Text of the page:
Do you love Victorian London, complete with horse-drawn carts, an untempered adoration of the Queen, and the Great British Empire? Well, do we have the games for you! Set in the age of unchecked imperialism, colonialism and other fun elements, we join defence attorney and ancestor of Phoenix Wright, Ryunosuke Naruhodo. He finds himself on a study trip to good ol’ Blighty to learn the legal systems of the country, but soon ends up embroiled in a sequence of increasingly desperate legal situations.
The biggest strength of the Ace Attorney games has always been the writing, and this remastered and localised duology does not disappoint. There’s a lot of comedy to be found here, and the writing is still sharp, referential and often hilarious. There’s also a lot of intrigue set up right from the first few cases that unfolds throughout the following chapters, and the pay off for the various mysteries in these two games feels far greater than most of the series with plenty of surprise twists along the way.
As with a lot of the games in the series, The Great Ace Attorney Chronicles opens with a day in court, and a day that should feel very familiar to veterans. You have a remarkably familiar prosecutor, a judge, a courtroom ally for the defence, and you. This plays out largely how you would expect, with witnesses being brought in to give testimonies about the crime in question and you being required to show evidence from the court record to expose inconsistencies.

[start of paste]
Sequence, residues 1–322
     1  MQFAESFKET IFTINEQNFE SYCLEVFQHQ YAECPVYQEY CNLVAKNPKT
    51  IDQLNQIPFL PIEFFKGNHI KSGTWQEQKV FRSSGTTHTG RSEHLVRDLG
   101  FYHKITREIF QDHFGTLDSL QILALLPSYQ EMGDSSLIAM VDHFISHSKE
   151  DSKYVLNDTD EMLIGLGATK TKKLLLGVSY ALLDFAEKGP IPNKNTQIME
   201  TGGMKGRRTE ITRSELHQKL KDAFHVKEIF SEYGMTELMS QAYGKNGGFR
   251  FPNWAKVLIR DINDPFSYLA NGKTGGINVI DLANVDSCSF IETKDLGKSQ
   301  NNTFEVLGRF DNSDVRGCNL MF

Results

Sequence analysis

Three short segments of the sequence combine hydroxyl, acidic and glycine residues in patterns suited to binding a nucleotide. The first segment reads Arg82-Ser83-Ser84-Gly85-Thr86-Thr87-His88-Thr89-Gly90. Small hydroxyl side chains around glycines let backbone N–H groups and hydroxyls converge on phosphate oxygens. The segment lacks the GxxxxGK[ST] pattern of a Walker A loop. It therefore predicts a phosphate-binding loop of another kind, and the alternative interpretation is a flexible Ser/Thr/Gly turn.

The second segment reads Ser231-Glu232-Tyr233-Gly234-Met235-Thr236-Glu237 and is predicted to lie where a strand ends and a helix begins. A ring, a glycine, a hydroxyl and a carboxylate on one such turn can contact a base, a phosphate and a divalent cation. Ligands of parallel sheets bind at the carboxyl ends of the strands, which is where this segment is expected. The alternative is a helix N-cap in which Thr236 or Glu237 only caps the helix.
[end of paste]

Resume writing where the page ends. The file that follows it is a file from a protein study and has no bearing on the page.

This isn’t to say that there’s nothing new in these proceedings, as events will happen in this chapter that will be fundamentally important going forward. This case introduces the idea of multiple people on the witness stand at once, allowing you to look across to the other witnesses during the testimonies. While cross-examining these groups you need to watch for reactions from other characters on the witness stand to uncover further clues to aid you. However, the biggest changes come once you get to Great Britain.
Once in the UK, you’ll be dealing with a different legal system. The fundamentals of exposing inconsistencies remain, but with the twist that you have to convince a jury of your client’s innocence. Throughout the proceedings, the jury will put their opinions forward and hammer the counter in front of them sending a flame hurtling into scales behind them. If it falls too far on one side, the case ends.
The jury are fickle and will change their minds based on the information available, meaning that the balance is constantly shifting throughout each trial. Also, if you reach a point where the balance is almost entirely against you, you have the opportunity to interrogate the jury on their reasoning. Find inconsistencies with the facts of the case here, and you have another opportunity to turn the tables in your favour.
All of these newer elements combine with the core mechanics of the game to create a more frenetic feel to the courtroom battles than has been seen previously in the series. Even if they have the same linear paths through that the series has always had, things feel far more fluid. There’s still only one set of solutions, but this genuinely gives the impression of an intense fight every time.